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Glossary of Terms




ApoE Genotype

Apolipoprotein A1

Apolipoprotein B





Factor V Leiden Genotype


Free Fatty Acid


High Sensitivity C-Reactive Protein






Lp(a) Cholesterol

Lp(a) Mass





PLAC® Test

Prothrombin G20210A Mutation

RBC Folate


Small Dense LDL Cholesterol

Vitamin B12

Vitamin D


Apolipoprotein A1 (ApoA1) the major protein component of HDL-C (good cholesterol) in your blood.

Apolipoprotein B (ApoB) helps "unlock" the door to cells and delivers cholesterol to the liver. If you have high levels of ApoB, it can lead to plaque that causes heart disease.

Apolipoprotein E (ApoE) Genotype plays a critical role in comprehensive measurements by helping to identify how people respond to varied amounts of dietary fat and how they carry cholesterol in the bloodstream.

AspirinWorks® Aspirin therapy has been reported to reduce cardiovascular events from 15% to 40%. However, Aspirin use is not without risk. We perform the AspirinWorks® test, a marker of platelet hyperactivity, to identify patients most likely to benefit from Aspirin.

C-Peptide is a naturally occurring substance that protects your blood vessels from the damaging effects of insulin.

CYP2C19 a test used to determine your availability to Plavix® which is a platelet inhibitor like aspirin.

F2-Isoprostanes Isoprostanes are valuable indicators of cell damage (oxidation) in your body. We test your F2-isoprostane concentration level because there is an association between increased concentration and coronary artery disease in adults.

Factor V Leiden Genotype a genetic test used to help your doctor determine if you are at higher risk for forming blood clots in your veins.

Fibrinogen a protein involved in the blood's clotting process and is also a marker of, inflammation. Fibrinogen can become elevated for a range of reasons.

Free Fatty Acids are a measurement of fatty acid molecules bound to albumin in the plasma.

HDL Particle (HDL-P) an important risk factor to consider in your treatment plan. Low HDL-P can be a major risk factor. Testing your HDL Particle (HDL-P) can help your doctor better predict coronary events and severity of disease.

High Sensitivity C-Reactive Protein (hsCRP) can indicate inflammation in your body as well as your blood vessels.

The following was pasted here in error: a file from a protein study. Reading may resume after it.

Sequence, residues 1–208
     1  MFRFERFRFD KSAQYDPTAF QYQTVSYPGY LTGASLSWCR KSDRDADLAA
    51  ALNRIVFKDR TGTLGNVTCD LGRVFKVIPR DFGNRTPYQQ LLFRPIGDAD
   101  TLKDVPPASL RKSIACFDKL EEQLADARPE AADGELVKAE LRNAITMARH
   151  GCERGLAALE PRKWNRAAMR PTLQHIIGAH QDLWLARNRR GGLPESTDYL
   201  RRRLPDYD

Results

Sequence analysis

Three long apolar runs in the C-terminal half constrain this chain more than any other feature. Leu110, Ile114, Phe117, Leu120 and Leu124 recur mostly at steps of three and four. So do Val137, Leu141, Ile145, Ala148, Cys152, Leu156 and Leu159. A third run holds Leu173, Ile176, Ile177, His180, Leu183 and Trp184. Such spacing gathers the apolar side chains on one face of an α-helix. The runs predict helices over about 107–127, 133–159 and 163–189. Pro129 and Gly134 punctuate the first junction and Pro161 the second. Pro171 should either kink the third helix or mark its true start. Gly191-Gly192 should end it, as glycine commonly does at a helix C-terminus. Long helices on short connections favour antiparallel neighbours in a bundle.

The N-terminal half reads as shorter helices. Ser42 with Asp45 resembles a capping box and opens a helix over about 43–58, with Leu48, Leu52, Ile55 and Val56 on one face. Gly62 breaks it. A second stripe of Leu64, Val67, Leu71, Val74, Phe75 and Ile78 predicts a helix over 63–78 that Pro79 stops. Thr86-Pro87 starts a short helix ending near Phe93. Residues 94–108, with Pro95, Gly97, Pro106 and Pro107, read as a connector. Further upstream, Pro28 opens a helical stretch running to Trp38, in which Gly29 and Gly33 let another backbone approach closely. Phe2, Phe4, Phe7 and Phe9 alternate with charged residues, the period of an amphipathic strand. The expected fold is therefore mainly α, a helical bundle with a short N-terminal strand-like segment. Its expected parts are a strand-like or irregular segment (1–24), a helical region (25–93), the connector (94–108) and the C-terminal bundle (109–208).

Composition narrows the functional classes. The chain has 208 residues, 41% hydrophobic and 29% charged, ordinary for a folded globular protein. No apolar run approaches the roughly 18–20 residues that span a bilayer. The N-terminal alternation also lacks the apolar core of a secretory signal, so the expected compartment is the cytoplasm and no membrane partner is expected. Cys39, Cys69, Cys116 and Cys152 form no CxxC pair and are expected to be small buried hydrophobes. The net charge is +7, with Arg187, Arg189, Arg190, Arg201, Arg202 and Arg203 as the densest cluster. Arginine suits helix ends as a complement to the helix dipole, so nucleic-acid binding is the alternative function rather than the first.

Homocysteine an amino acid found in the blood. Elevated concentrations of homocysteine can injure your blood vessel walls, cause blood clots, and increase your risk for heart disease and stroke.

Insulin a hormone produced by your pancreas, necessary for glucose (your blood sugar) to be used for energy.

LDL-P the actual number of LDL (bad) cholesterol particles in your blood.

Lp-PLA2 or lipoprotein associated phospholipase A2 travels in your blood, mainly with low-density lipoprotein (LDL). High concentration is linked to inflammation in the artery wall and can predict your risk of a heart attack or stroke.

Lp(a) Cholesterol (Lp(a) Mass) Lipoprotein(a), also called Lp(a), is a lipoprotein subclass and Lp(a)-cholesterol or Lp(a)-C. We test your Lp(a)-C because a high level in your blood is a risk factor for heart disease and stroke. If Lp(a) is high and Lp(a)-C is normal, there is no risk.

Myeloperoxidase (MPO) released as a defense mechanism when the artery wall is damaged or inflamed. It is a marker of oxidation and of HDL particle function.

MTHRF a gene that provides your body's instructions to make the building blocks for prortein. Specific versions of the MTHR gene may increase your risk of coronary heart disease and stroke.

NT-proBNP a hormone released from the cells o the heart muscle when you experience continued stress or strain on your heart.

PLAC® Test a test that measures the concentration of Lp-PLA2 in your blood.

Prothrombin G20210A Mutation a genetic test used to help your doctor determine if you are at higher risk for forming blood clots.

RBC Folate folate inside your red blood cells (RBC).

Small Dense LDL Cholesterol (sdLDL) small, dense LDL (bad) cholesterol particles

Vitamin B12 the B vitamin that helps your body make blood cells and maintain a healthy nervous system. We test your vitamin B12 to ensure there are no risk factors and to gather information to customize your treatment plan.

Vitamin D Long-term studies have linked vitamin D deficiency with a twofold increased risk of a heart attack. Knowing your vitamin D level can help your doctor make the right recommendations for medications and supplements.